Indianapolis Fraud Lawyers

Defense strategies that succeed. The dedicated legal defense you deserve.

Indiana Fraud Defense Attorney

Indianapolis fraud defense lawyer Chris Eskew understands accusations of fraud may ruin your reputation, hurt your family, and cause never-ending stress and anxiety.fraud tape In addition, many employers are averse to hiring individuals with fraud convictions because fraud is seen as a crime of deception. Employers do not want staff that will lie, exaggerate the truth, steal their profits, or damage their brand. A skilled and knowledgeable Indianapolis criminal defense attorney will be able to counsel you on how to minimize the effects of an arrest while also assisting you with clearing your name and defending against unfounded allegations.

Eskew Law is headquartered in Indianapolis and serves clients throughout the state of Indiana. Our talented legal team has a decade of experience helping clients get their lives back on track. We will handle all aspects of your case, including conducting an independent investigation, representing your interests during a police investigation, ensuring your constitutional rights are respected, negotiating with the prosecutor, constructing a strong defense theory, and advocating for your best interests in court. We take this privilege and responsibility seriously for all of our clients throughout Indianapolis and Central Indiana. Call Eskew Law today at (317) 974-0177 to speak with someone immediately about your case.

Outstanding service! I couldn't be happier with the results.

– Ralph

Definition of Fraud

Fraud is a white-collar crime that encompasses many different types of offenses, including:

  • Welfare fraud
  • Check deception
  • Fraud on a financial institution
  • Forgery
  • Fake government ID cards
  • Identity, notarial, and other deception
  • Unlawful possession of a card skimming device
  • Insurance fraud
  • Unauthorized use of cable services
  • Government contract procured by fraud
  • Check fraud
  • Possession of fraudulent sales document
  • Making or delivering a false sales document
  • Falsifying a drug or alcohol screening test
  • Inmate fraud

An individual commits fraud when he knowingly and intentionally misrepresents something in order to gain money, property, or another item of value. The lie is passed off as the truth or a fact in order to deceive or swindle the complainant. The misrepresentation can be an outright falsehood, a gross exaggeration, a misstatement of the truth, or a glaring omission. Complainants can be friends or family members, strangers, customers, employees or employers, companies, banks, and even the government.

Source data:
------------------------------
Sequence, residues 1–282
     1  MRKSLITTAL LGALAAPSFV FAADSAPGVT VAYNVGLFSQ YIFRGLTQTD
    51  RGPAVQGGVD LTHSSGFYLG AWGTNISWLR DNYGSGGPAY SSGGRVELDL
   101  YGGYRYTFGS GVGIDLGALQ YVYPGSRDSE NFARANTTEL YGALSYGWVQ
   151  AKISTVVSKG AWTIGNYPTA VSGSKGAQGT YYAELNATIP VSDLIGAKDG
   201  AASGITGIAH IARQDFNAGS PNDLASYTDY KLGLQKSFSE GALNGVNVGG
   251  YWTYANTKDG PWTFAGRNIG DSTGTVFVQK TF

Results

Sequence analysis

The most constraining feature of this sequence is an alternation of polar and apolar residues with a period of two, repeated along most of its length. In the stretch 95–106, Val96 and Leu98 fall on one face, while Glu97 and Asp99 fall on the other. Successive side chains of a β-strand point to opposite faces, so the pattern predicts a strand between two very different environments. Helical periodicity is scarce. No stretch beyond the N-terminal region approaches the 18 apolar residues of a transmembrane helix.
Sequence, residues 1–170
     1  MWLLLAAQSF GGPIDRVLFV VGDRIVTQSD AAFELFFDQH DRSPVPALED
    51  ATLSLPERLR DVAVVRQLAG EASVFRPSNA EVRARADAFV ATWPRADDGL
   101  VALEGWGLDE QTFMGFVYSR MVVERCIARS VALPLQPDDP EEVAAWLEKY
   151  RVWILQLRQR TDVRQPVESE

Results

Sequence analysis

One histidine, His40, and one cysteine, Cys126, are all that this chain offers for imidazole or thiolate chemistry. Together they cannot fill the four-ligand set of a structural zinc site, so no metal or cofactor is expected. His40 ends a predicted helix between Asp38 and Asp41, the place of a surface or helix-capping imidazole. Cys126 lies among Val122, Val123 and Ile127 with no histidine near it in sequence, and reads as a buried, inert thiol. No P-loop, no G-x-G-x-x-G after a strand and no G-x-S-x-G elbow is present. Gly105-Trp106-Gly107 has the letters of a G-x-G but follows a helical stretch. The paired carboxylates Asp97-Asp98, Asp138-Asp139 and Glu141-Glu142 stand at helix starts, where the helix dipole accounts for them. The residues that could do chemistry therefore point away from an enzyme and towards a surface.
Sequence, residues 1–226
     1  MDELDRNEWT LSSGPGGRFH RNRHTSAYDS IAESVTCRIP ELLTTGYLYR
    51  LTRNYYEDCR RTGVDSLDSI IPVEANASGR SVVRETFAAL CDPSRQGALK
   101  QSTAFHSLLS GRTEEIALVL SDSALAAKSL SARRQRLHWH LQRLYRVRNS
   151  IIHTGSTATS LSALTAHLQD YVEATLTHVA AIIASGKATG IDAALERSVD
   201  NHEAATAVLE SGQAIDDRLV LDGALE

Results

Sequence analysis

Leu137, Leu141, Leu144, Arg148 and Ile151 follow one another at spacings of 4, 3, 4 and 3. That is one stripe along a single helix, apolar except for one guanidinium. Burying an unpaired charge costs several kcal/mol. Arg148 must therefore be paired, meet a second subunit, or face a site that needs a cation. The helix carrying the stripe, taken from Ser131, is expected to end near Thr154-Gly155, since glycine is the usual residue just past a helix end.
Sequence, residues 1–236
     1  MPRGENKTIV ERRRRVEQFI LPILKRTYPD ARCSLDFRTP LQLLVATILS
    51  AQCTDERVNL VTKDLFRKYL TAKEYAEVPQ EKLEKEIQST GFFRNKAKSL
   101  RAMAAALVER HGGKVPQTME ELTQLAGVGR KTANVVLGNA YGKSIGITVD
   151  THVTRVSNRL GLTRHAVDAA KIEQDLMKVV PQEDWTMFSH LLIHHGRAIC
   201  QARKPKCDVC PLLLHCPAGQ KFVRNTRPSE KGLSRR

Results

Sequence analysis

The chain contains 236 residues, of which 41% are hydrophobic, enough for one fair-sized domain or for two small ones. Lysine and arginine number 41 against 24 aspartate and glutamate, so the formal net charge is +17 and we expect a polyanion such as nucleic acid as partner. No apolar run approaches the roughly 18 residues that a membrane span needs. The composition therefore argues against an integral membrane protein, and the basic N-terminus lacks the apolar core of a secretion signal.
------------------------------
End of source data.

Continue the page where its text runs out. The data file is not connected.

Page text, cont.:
Welfare Fraud

According to Section 35-43-5-7 of the Indiana Code, welfare fraud involves deceiving the state of Indiana or local government welfare programs by obtaining or attempting to obtain funding, assistance, or services using fake, false, or misleading claims. All of the following activities constitute welfare fraud:

  • Lying about one’s employment situation
  • Falsely claiming dependents
  • Failing to report all income
  • Giving or selling welfare benefits to another
  • Counterfeiting an authorization for benefits document

Welfare fraud must be done knowingly or intentionally. The offense is a Class A misdemeanor. However, it can be bumped up to a Level 6 felony if the amount of benefits is between $750 and $49,000 or less than $750, but the individual has a prior welfare fraud conviction. It can be further bumped up to a Level 5 felony if the benefits total more than $2,500. When an individual is convicted of welfare fraud, their conviction is reported to state and local welfare agencies.

Check Deception

An individual commits check deception under Section 35-43-5-5 of the Indiana Code when he writes a check and uses it to pay for goods or services knowing full well that his bank will not honor the check due to insufficient funds, fraudulent activity, or any other reason. If an individual knows that he either does not have sufficient funds or that the bank account is not in his name yet intends to deliver a check regardless, he has committed check deception.